5. Adverse effects included cerebrospinal fluid leakage and headache.

Lin et al. 2008; China

Population: Complete conus medullaris injury with atonic bladder; Mean age:38 yr; Gender: males=6, females=4; Level of injury: T12=3, L1=5, L2=4; Severity of injury: complete.
Intervention: Spinal root anastomosis of T11 to S2 ventral root.
Outcome Measures: Bladder capacity, urine volume, residual urine volume, max detrusor pressure, max flow collected at regular intervals up to 2 yr.
  1. 7 individuals found improvements in bladder storage and voiding functions.
  2. Signficant improvement in urodynamic outcomes were seen 2 yr post reconstruction:
    1. Bladder capacity, p=0.0031.
    2. Urine volume, p=0.0026.
    3. Residial urine volume, p=0.0005.
    4. Max detrusor pressure, p=0.00001.
    5. Max flow, p=0.0001.
    6. Mild postoperative spinal fluid leakage was seen in 1 individual.

Xiao et al. 2003; China/USA

Population: SCI individuals with detrusor-external sphincter dyssyergia; Mean age:39 yr; Severity of injury: AIS A.
Intervention: L5-S3 ventral root anastomosis to establish a new reflex pathway.
Outcome Measures: Residual urine volume, urinary tract infections, detrusor pressure, adverse events.
  1. 10 individuals had recovery of bladder storage and emptying functions.
  2. A decrease was seen in average residual urine (332 to 31mL) and incidence of urinary tract infections 8 mo post surgery.
  3. Two individuals were still dependent on a stimulator for voiding.
  4. Post surgery, 4 individuals showed almost normal bladder activity on a cystometrogram (CMG) and electromyography.
  5. Significant improvement was seen in mean detrusor pressure (p<0.05).
  6. 3 individuals had mild postoperative spinal fluid leakage for 2 to 5 d.
  7. Bowel control was also regained in individuals who regained bladder control.
Bladder Cancer

Lee et al. 2014a; Taiwan

Population: Spinal cord injury (SCI cohort): Mean age: 52.2 yr; Gender: males=34173, females=20228; Level of injury: cervical=29565, thoracic=16451, lumbar=16451, unclassified=77. No spinal cord injury (Non-SCI cohort): Mean age: 52.2 yr; Gender: males=136692, females=80912.
Intervention: Data from the National Health Insurance Research Database were accessed for the SCI group with each member randomly frequency matched with four non-SCI people.
Outcome Measures: Bladder cancer diagnosis, prostate cancer diagnosis, death.
  1. The overall incidence of bladder cancer was 12% lower in the SCI cohort than the non-SCI cohort with a non-significant adjusted hazard ratio of 0.91.
  2. The overall incidence of prostate cancer was 33% lower in the SCI cohort than the non-SCI cohort with a significant adjusted hazard ratio of 0.73 (p<0.01).

No significant differences in bladder cancer risk were found between different levels of SCI and non-SCI.

Bladder Stones

Eyre et al. 2015; United Kingdom

Population: Median age: 44 yr; Gender: males=83, females=39; Level of injury: cervical=15, thoracic=87, lumbar=9, unknown=1; Frankel classification: A=68, B=34, C=6, D=1, unknown=3.
Intervention: Spinal cord injury individuals with bladder stones received either simple washout (n=11), Mauermeyer stone punch (n=49), electrohydraulic lithotripsy (EHL) (n=15), combination of stone punch and EHL (combined) (n=36), or open cystolithotomy (n=1).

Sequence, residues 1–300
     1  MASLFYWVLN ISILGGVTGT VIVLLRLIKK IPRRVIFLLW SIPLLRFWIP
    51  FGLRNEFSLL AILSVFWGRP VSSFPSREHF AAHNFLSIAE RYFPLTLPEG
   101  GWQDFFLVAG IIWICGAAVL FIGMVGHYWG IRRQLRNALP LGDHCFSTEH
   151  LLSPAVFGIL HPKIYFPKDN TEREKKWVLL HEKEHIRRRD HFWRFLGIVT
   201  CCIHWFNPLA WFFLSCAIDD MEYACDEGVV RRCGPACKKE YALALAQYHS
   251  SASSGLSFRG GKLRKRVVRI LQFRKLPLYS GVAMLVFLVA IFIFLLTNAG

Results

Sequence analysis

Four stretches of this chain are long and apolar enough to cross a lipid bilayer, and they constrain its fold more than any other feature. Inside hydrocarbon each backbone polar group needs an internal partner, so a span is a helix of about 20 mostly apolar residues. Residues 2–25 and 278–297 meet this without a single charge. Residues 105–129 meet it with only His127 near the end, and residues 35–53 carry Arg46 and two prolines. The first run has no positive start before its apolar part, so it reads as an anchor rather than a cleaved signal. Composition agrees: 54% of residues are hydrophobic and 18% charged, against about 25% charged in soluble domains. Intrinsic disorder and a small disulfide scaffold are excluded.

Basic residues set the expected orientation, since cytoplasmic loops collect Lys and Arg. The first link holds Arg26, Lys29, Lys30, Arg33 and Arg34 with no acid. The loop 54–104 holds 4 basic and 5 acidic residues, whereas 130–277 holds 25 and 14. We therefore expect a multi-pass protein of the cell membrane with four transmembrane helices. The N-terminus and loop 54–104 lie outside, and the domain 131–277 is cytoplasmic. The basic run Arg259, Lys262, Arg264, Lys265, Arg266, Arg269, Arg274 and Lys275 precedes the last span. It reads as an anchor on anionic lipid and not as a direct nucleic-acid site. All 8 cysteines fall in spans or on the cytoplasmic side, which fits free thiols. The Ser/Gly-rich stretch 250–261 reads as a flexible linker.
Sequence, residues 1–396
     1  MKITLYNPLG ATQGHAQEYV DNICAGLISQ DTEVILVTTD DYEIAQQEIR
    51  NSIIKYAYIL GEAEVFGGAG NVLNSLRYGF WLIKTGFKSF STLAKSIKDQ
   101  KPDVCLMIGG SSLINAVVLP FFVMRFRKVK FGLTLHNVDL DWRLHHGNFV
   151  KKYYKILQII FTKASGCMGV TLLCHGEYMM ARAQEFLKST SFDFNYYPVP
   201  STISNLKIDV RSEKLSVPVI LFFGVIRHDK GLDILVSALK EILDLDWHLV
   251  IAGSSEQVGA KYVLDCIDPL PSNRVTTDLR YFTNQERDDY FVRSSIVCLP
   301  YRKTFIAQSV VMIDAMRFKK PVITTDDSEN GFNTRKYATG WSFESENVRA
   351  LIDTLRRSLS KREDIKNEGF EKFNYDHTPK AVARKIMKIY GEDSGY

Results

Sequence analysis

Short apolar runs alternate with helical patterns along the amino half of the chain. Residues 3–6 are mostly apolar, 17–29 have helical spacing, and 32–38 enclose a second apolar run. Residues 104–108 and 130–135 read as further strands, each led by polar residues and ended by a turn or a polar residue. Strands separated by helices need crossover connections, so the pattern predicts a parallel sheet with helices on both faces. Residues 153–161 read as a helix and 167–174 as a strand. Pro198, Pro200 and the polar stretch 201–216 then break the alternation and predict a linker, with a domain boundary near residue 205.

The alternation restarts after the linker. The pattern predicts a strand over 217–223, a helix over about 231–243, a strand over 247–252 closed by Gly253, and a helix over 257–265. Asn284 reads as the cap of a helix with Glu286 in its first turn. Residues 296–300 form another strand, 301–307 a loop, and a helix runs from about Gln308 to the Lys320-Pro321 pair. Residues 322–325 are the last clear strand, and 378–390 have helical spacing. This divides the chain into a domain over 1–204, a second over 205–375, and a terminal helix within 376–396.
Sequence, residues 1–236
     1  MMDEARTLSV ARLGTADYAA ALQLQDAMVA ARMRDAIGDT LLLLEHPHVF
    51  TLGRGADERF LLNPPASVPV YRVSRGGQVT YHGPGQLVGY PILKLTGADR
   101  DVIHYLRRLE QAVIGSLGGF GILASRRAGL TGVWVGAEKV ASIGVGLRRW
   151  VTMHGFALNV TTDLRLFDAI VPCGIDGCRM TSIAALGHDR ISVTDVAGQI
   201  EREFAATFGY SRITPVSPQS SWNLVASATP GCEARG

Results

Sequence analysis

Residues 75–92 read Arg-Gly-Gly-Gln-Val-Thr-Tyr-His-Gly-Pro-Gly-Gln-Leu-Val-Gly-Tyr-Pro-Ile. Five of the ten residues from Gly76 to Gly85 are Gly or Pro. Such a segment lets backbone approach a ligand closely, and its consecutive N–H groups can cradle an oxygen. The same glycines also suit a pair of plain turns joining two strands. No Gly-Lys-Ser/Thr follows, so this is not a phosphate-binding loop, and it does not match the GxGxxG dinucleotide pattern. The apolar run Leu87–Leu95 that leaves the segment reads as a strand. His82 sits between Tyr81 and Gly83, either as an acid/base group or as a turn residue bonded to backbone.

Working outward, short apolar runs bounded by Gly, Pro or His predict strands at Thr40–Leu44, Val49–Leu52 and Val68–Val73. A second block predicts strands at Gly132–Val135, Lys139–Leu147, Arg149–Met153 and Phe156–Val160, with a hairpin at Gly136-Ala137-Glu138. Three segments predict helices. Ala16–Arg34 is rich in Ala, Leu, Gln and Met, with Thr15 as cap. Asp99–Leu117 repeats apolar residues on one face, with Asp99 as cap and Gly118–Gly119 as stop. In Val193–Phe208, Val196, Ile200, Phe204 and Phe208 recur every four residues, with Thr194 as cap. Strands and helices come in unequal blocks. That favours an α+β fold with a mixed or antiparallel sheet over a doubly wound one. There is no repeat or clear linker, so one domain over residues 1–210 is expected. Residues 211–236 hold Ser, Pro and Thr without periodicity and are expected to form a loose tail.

Outcome Measures: Post-operative complications, length of stay.
  1. Of the 112 participants, 19 had a post-operative complication (0 associated with simple washout, 5 associated with stone punch, 3 associated with EHL, 10 associated with combined, and 1 associated with open cystolithotomy).
  2. In the multivariable model for complication predictors, cervical injury (p=0.033) and the combined procedure (p=0.046) were associated with increased odds for complications. Age, sex, Frankel classification, and bladder management method had no significant differences in terms of complications.

Of the 106 participants with length of stay data, the multivariable predictors of increased length of stay were complication (p<0.001) and combined procedure (p=0.028). Age, sex, Frankel classification, and bladder management method had no significant differences in terms of complications.

Bartel et al. 2014; Switzerland
Case Series
Population: Bladder stone group (n=93): Mean age: 50 yr; Gender: males=69, females=24; Level of injury: cervical=34, thoracic=49, lumbar=9, sacral=1; Severity of injury: complete=75, incomplete=18; ASIA classification: A=53, B=22, C=13, D=5; Injury etiology: trauma=74, multiple sclerosis=10, other=9; Time post-injury: 9.5 yr.
Intervention: Charts were reviewed for spinal cord injury individuals who had a bladder stone.
Outcome Measures: Bladder management method, period to stone development, bladder stone recurrence rate.
  1. Of the 2825 SCI individuals, 93 had bladder stones (2.8%).
  2. In terms of bladder management methods, bladder stones were observed in 11% of suprapubic catheter, 6.6% of transurethral catheter, 2% of intermittent catheterization, and 1.1% of reflex micturition.
  3. In terms of period to stone development, the mean for suprapubic catheter was 59 mo, transurethral catheter was 31 mo, intermittent catheterization was 116 mo, and reflex micturition was 211 mo.

The bladder stone recurrence rate was 28% for suprapubic catheter, 40% for transurethral catheter, 22% for intermittent catheterization, and 0% for reflex micturition.


Virseda et al. 2014; Spain
Case Control

Population: Vesicoureteral reflux (VUR); Mean age: 48.9 yr; Gender: males=60, females=16; Level of injury: cervical=21, thoracic=49, lumbar=6; Mean time post-injury: 179 mo.
Intervention: Records were reviewed for VUR individuals who had undergone endoscopic treatment by a bulking treatment, comparing treatment successes to failures.